All About Comics!
Four Dynamic Days Dazzle Attendees
Mainstream Madness |
Solid Gold! |
Alternate Universes |
Always entertaining, Special Guest Jeff Smith
(Bone), shares a laugh with Jean Feiwel (publisher of Scholastic
Comic-Con's mission is to create both an awareness and appreciation for comic
books, and as such over half of this year's programming slate was devoted to the
topic. We offered company presentations, panel discussions, creator spotlights,
slide shows, and one-on-one interviews covering everything from Golden Age to
current superhero books, small press to big-company titles, kids' comics to
cutting-edge alternative works, and minicomics to massive graphic novels. Pretty
much everything was included in the mix, and the excitement never stopped.
Panels presented by DC and Marvel Comics were focal points for many fans. With
editors and creative teams on hand to answer questions about current and
upcoming titles, fans lined up to hear the latest news.
DC had panels devoted to powerhouses Superman, Batman, Justice League, and the
Identity Crisis miniseries, as well as imprints VERTIGO and WildStorm.
Spotlights on DC's sponsored guests including Brad Meltzer, Dave Gibbons, and
Dustin Nguyen, were also a hit, along with a look at the team of Jeph Loeb and
Marvel panels covered the company's Ultimates line of comics, the shocking new
plotlines for Avengers, and of course Marvel's heavy hitters, the X-Men.
Dark Horse featured programs on the latest Conan release, Michael Chabon's The
Escapist, the company's manga comics line, while spotlights focused on Comic-Con
special guests Mike Mignola and Stan Sakai.
Other companies with a programming presence included Image, IDW, Disney Comics,
Bongo Comics, Devil's Due, Dreamwave, TOKYOPOP, VIZ, ADV, Broccoli Books,
Burlyman Entertainment, Keenspot, ModernTales.com, TwoMorrows, and Wizard.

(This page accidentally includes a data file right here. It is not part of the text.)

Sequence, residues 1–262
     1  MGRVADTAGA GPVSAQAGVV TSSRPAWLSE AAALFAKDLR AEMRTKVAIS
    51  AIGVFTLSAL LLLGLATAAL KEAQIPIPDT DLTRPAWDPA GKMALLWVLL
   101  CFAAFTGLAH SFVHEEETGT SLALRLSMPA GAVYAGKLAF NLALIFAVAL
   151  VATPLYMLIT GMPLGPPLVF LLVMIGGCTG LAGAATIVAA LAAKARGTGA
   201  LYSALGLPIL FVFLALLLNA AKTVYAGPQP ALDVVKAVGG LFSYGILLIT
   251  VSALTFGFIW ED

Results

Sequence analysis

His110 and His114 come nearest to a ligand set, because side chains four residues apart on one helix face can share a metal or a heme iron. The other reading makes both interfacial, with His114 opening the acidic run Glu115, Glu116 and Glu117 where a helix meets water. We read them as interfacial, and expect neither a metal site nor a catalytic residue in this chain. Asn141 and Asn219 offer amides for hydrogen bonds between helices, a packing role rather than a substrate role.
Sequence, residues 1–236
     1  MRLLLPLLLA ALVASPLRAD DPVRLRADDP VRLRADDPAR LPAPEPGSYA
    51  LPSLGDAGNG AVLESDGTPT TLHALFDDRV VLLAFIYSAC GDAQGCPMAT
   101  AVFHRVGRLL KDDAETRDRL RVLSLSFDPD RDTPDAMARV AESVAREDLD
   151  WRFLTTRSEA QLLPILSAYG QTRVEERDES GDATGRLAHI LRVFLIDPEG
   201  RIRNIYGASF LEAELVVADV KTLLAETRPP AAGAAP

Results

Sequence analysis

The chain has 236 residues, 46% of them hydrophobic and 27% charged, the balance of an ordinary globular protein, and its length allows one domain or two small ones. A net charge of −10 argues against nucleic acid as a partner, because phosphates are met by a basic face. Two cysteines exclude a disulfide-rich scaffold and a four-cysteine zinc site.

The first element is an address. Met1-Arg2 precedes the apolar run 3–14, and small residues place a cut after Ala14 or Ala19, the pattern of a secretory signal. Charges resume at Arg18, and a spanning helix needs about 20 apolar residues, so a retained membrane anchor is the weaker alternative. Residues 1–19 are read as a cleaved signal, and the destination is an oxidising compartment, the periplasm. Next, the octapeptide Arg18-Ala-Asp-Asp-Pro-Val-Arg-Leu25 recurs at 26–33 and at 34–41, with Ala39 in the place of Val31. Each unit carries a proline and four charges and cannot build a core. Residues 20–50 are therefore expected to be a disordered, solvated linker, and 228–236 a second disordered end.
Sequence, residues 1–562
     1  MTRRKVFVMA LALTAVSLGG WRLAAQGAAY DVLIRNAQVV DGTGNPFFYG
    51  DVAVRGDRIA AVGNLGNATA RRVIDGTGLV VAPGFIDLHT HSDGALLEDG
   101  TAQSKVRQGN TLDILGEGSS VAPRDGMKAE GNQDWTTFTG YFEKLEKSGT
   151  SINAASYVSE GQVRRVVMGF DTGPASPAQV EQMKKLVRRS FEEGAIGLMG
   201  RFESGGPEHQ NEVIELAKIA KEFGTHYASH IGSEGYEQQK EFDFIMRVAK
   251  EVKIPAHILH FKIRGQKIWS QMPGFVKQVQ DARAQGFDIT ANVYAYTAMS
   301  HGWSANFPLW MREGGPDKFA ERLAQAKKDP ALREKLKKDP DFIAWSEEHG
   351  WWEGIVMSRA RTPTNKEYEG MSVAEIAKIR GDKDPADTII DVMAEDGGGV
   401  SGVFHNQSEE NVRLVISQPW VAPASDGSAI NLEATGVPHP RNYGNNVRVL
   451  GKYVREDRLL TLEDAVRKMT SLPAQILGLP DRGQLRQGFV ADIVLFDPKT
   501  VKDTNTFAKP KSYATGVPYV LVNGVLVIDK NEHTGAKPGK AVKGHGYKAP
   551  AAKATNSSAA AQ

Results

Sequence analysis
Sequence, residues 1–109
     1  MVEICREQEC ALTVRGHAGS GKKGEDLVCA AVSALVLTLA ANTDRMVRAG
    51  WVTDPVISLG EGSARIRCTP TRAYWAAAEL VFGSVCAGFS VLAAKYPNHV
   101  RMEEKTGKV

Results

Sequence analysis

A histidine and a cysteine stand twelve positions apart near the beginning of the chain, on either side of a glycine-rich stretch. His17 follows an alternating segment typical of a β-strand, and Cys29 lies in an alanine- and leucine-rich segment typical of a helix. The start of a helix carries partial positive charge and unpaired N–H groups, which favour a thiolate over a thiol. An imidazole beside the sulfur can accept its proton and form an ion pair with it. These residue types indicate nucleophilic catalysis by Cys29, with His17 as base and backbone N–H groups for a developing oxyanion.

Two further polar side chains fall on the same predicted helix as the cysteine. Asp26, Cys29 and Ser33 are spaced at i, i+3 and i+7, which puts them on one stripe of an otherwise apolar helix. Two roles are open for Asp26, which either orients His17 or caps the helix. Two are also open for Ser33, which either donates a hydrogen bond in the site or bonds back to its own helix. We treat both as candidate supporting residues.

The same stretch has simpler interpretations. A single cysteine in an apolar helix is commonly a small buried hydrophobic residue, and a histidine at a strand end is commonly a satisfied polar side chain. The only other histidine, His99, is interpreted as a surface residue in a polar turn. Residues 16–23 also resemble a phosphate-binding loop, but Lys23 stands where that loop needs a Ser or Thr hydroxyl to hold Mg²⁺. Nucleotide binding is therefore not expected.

Spotlights on Comic-Con's special guests included those for John Totleben,
Eduardo Risso, Adrian Tomine, Craig Thompson, Bruce Jones, Batton Lash, Geoff
Johns, and Jeff Smith, all of whom discussed their careers and current projects.
Comic-Con's devotion to classic comics and their creators was launched with
panels dedicated to the life of Jack Kirby, whose artwork also graced the cover
of this year's Souvenir Book. Veterans and Convention special guests Mike Royer,
Tom Gill, Frank Springer, Sid Jacobson and Jack Adler discussed their past work
in the industry, how times have changed, and where they see comics heading in
the years to come.
Mark Evanier, a Comic-Con favorite, presided over several panels on the Golden
and Silver Age of Comics. His Quick Draw cartoon improv panel delighted
audiences, with Jeff Smith, Sergio AragonÚs, and Scott Shaw! all proving to be,
well, quick on the draw! Evanier also brought back the popular Cartoon Voices
event and took a look at the current status of Groo with AragonÚs and the rest
of the Groo team.
And since we're talking about history, Comic-Con's 35th year was saluted with
two very special guests: comic book inker/letterer, Mike Royer, who was a guest
at the first Comic-Con, and fan favorite voice artist June Foray, a frequent
Comic-Con guest since the early 1970s.